The 2010 Amgen Tour of California wrapped up on Sunday and as predicted, there was nothing ceremonial about the last stage. Michael Rogers was under constant attack on the final ascent of the Rock Store climb by Dave Zabriskie and Levi Leipheimer who trailed the Australian by only nine and twenty five seconds respectively.
Adding to the drama, both Zabriskie and Leipheimer had teammates with them on that final ascent. Rogers, who found himself with no teammates, was definitely vulnerable, but the Aussie rallied to bring back every single attack. This was the type of action the race organizers were looking for when they selected this as their final stage and the three protagonists didn't disappoint.
What the spectators saw was undoubtedly some of the most exciting racing in the five year history of the AToC. Everything hung in the balance and Leipheimer and Zabriskie attacked at will hoping to gap Rogers. At one point, Leipheimer looked to have broken Rogers. Zabriskie quickly joined the Team Radio Shack rider in the move, but Rogers somehow found a way to claw his way back to the two.
Ahead of the fight for the overall championship, George Hincapie was leading the remnants of the day's major breakaway in hopes of salvaging his AToC with a stage win. Hincapie was clearly the crowd favorite and it would have been an emotional victory, but Ryder Hesjedal(Garmin-Transitions) spoiled the show with a late race move that put him in a sprint with Hincapie for the win.
The organizers couldn't have planned the finale any better, other than maybe having an American winner. The eight-day race was exciting from start to finish and should be back next year with even more competitive racing and unforgettable stages.
Michael "Mick" Rogers was the big winner today in the Amgen Tour of California's stage 7 time trial. While his HTC-Columbia teammate, Tony Martin, won the 20-mile test, it was Rogers who beat his two chief rivals Dave Zabriskie and Levi Leipheimer by five and eleven seconds respectively.
Going into tomorrow's final stage, Rogers leads Zabriskie by nine seconds and Leipheimer by twenty five seconds. Normally, that would be enough to call it a wrap, but the AToC's final stage is deceptively difficult and could allow a late race challenge to succeed.
Sunday's stage is four laps of a 21-mile circuit in the Santa Monica mountains. The first 10 miles are flat and fast. The second half of each lap starts with the 2.5 mile Rock Store climb which is followed by another, less difficult, ascent and concludes with a very tricky downhill into the finish.
Because the first half of each lap is flat that will allow a concerted chase to peg back any significant moves. If Zabriskie or Leipheimer wants to gain time on Rogers, their best bet is to put everything into a last lap attack on the Rock Store climb and then hope they have the legs to drive it all the way to the line.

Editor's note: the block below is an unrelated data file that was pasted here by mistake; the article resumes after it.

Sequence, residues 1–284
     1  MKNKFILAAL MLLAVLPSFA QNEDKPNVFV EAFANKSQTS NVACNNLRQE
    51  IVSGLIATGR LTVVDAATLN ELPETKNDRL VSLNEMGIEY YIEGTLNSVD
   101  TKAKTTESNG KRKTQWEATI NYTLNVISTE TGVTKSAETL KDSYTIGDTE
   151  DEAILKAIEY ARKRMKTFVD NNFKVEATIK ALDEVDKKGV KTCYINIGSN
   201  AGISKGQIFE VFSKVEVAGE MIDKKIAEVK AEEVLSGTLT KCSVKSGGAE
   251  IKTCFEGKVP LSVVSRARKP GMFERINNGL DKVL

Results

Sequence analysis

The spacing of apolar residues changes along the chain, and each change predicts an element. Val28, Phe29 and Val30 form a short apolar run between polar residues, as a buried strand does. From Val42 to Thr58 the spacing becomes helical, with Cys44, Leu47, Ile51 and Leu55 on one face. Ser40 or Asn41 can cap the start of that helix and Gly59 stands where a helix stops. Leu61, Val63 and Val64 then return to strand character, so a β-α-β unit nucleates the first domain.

So, the race is far from over. Look for the Garmin-Transitions and Team Radio Shack to be putting pressure on HTC-Columbia from the gun in hopes of softening up Rogers and his mates for a late race attack.
As three-time winner of the Amgen Tour of California(AToC), Levi Leipheimer, predicted the race for the overall title will once again come down to the time trial. With the move of the race from February to May, it was hoped that the longer and more difficult courses would provide some separation, but that was not the case with the top four riders separated by only 14 seconds after 29 hours of racing.
To uplevel the discussion a bit, the race really does need a mountain top finish if it wants to provide a bigger challenge. Leipheimer has been vocal about the lack of such a finish, luckily for him, he is a very good time trialist. But, with the move to May, difficulty means not just adding more climbing, but making that climbing relevant. The fact that critical breakaways were chased down on both Stage 3 and Stage 6 demonstrates that it is not sufficient to put the final climb within 10-15 miles of the finish line.
So, without a mountain top finish, Saturday's time trial will be about as exciting as possible. The three strongest riders, Michael Rogers(HTC-Columbia), Dave Zabriskie(Garmin-Transitions) and Levi Leipheimer(Team Radio Shack) are all excellent time trialists. Michael Rogers is a three-time World Time Trial Champion. Dave Zabriskie has won time trials at the Tour de France and the Giro d'Italia and is a medalist at the World Championships. Levi Leipheimer has won time trials at the Tour de France and the Vuelta a Espana and an Olympic bronze medal.
The one big unknown is the time trialing ability of Slovakian Peter Sagan. The 20 year old is the revelation of the 2010 season. He has shown he can sprint with two convincing stage wins at the AToC (as well as at Paris-Nice and Tour of Romandie) and that he can climb. But, can he go fast in the race against the clock?He is only fourteen seconds out of the lead and could take the jersey with an inspired ride.
Almost all of the time the story at a bike race is about the riders. But, every once and a while something comes along which seems to be a bit more interesting. With apologies to Levi Leipheimer, Mick Rogers and Dave Zabriskie, here's an insight into my last 24 hours.